You Get What You Pay For

Fair Compensation Reaps Rewards

If you think it’s expensive to hire the right talent for your company, try hiring the wrong talent.

Every small and medium business owner and corporate recruiter knows they have to work within a budget, but experts agree they shouldn’t be slaves to specific salary figures. Executive compensation may appear excessive when seen in isolation, but you’ve got to look at the big picture, including what the potential hires can bring to the company and how they could have a significant impact on the company’s future bottom line.

Karen Swystun, president and CEO of Waterford Global Inc., a Winnipeg-based executive search and recruitment firm, says it’s absolutely crucial for organizations of all sizes to invest in talent. “That’s the core and base of your organization,” she says. “If you’re prepared to make the investment, you’ll reap the rewards.” Tracy Arno, CEO of Essence Recruitment Inc. in Saskatoon, agrees. “You need to pay according to the talent you’re looking for,” she
says. “You need to create a culture that is employee-centric. Your focal point is your employees. If you treat them well, they’ll stay and be dedicated to you and they’ll help grow your business.”

But before you make any offers, be sure to do some research about what your potential executive or employee should be paid. “Employers need to understand what employees are worth,” Arno says. “Somebody with one year of experience who faces a huge learning curve versus another person with 10 years of experience should absolutely be paid at a different rate. Employers need to realize that they’re saving money when somebody comes in and
can hit the ground running. They’re not having that gap of time and that learning curve.”

When you require a certain kind of expertise, you simply can’t settle for less in a candidate and hope they get up to speed quickly, Swystun says.

“It starts at the top. Your entire organization is affected,” she says. While recruiters at companies on the Prairies may think they’re at a disadvantage because of their location, Swystun says geography is not the primary driver when people consider potentially greener pastures. Geography has nothing to do with whether you can attract somebody. People are attracted to the opportunity,” she says.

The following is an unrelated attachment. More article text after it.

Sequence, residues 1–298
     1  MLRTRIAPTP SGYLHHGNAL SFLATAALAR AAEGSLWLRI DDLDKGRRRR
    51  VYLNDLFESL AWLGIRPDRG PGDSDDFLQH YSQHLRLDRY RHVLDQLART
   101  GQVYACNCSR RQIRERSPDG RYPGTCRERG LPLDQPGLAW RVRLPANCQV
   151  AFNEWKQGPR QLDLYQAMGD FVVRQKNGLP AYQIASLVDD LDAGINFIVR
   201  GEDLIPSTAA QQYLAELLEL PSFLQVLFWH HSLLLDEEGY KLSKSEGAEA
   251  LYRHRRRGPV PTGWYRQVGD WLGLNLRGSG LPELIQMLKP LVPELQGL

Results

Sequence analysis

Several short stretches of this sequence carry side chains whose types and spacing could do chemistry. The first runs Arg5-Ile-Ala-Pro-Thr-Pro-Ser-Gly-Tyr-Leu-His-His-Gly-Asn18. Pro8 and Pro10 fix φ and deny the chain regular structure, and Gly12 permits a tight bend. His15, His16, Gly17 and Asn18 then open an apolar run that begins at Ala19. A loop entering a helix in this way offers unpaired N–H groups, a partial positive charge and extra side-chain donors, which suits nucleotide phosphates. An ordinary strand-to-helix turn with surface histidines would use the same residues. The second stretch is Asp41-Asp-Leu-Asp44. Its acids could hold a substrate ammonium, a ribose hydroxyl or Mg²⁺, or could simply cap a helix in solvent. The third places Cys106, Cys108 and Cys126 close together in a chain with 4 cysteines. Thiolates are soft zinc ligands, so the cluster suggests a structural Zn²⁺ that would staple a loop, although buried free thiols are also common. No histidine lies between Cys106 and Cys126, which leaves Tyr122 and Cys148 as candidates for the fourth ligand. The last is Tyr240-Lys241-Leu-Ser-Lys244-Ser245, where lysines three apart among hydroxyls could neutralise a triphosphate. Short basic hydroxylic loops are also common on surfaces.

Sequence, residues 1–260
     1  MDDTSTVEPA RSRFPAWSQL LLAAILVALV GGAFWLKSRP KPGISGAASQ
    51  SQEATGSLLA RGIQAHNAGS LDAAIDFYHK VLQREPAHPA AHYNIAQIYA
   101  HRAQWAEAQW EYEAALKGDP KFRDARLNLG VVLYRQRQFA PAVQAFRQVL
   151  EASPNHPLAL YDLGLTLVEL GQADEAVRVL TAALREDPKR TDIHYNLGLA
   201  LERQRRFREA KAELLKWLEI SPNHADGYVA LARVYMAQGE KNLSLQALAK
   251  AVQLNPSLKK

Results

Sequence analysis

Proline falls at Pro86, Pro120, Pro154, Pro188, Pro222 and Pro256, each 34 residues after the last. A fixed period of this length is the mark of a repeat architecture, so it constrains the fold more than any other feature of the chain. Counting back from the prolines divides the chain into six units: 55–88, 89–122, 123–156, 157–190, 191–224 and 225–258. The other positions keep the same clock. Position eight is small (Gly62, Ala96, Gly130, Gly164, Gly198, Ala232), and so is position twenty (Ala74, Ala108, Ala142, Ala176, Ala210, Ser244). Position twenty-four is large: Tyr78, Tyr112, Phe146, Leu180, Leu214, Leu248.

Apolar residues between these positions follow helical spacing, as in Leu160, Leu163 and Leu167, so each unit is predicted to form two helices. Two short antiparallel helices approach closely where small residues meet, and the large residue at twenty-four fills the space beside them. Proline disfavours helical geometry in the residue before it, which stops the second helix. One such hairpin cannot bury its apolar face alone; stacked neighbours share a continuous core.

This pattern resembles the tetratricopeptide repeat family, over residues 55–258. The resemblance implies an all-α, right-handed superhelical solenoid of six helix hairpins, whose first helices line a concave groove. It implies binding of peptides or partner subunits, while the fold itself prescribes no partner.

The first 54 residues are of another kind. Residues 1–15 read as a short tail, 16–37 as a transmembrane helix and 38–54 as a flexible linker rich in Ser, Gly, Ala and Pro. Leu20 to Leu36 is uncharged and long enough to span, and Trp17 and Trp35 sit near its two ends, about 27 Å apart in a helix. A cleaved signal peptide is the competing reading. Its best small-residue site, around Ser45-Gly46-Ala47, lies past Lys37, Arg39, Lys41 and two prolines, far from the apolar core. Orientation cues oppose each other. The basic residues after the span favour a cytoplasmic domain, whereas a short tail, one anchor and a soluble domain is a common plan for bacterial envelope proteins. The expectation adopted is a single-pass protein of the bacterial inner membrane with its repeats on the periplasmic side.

According to Arno, the top five items on people’s wish lists are transparency in compensation, respect, professional development, the ability to have a direct impact on the organization and a solid compensation package.
The latter isn’t just money, it also includes other perks, including benefits, RRSP matching, profit sharing, purchasing shares, flexibility and bonuses.

An executive search firm can often guide organizations through hiring situations to allow them to see their investment soar through the talent they’ve hired, Swystun says. “You don’t know what you don’t know. If somebody said to you, ‘you can have somebody with a proven track record for a certain amount of money who will impact the growth of your company,’ what are you going to spend your money on? It’s a bigger risk to not make the investment on the person who has been there and done that,” she says.

But it’s not just along mahogany row where salary costs are rising—front line workers, many of whom have earned minimum wage for, well, ever, are also getting a raise. The pandemic, including billions of dollars in government aid for workers on both sides of the Canada-U.S. border, has changed the corporate work environment. As companies grapple with a labour shortage, they have no choice but to offer higher wages.

It’s Economics 101—supply and demand.

“It’s happening with financial services. It’s happening in industry. It’s happening in retail. You’re seeing it everywhere,” Jonathan Golub, New York-based chief U.S. equity strategist at Credit Suisse, told CNBC recently.
“The economy is overheating and companies, even though we have a high unemployment rate, cannot get the labour they need to meet demand and they are being forced to raise wages.”

If you won’t get off your wallet for potentially game-changing people, you simply won’t attract the top talent and that will have a negative effect on your bottom line, Arno says.

“You’ll have extreme turnover, which is extremely expensive (in training and learning curves) and the business won’t grow to its full potential because you don’t have the talent,” she says. Arno cautions owners of small and medium-sized firms to ensure they invest in both a marketing manager and human resources manager.

“They’ll always get an accountant, a lawyer, salespeople and administrative assistants, but the last two roles they’ll hire are marketing and HR. That’s completely backwards. That’s your brand and that’s your people,” she says.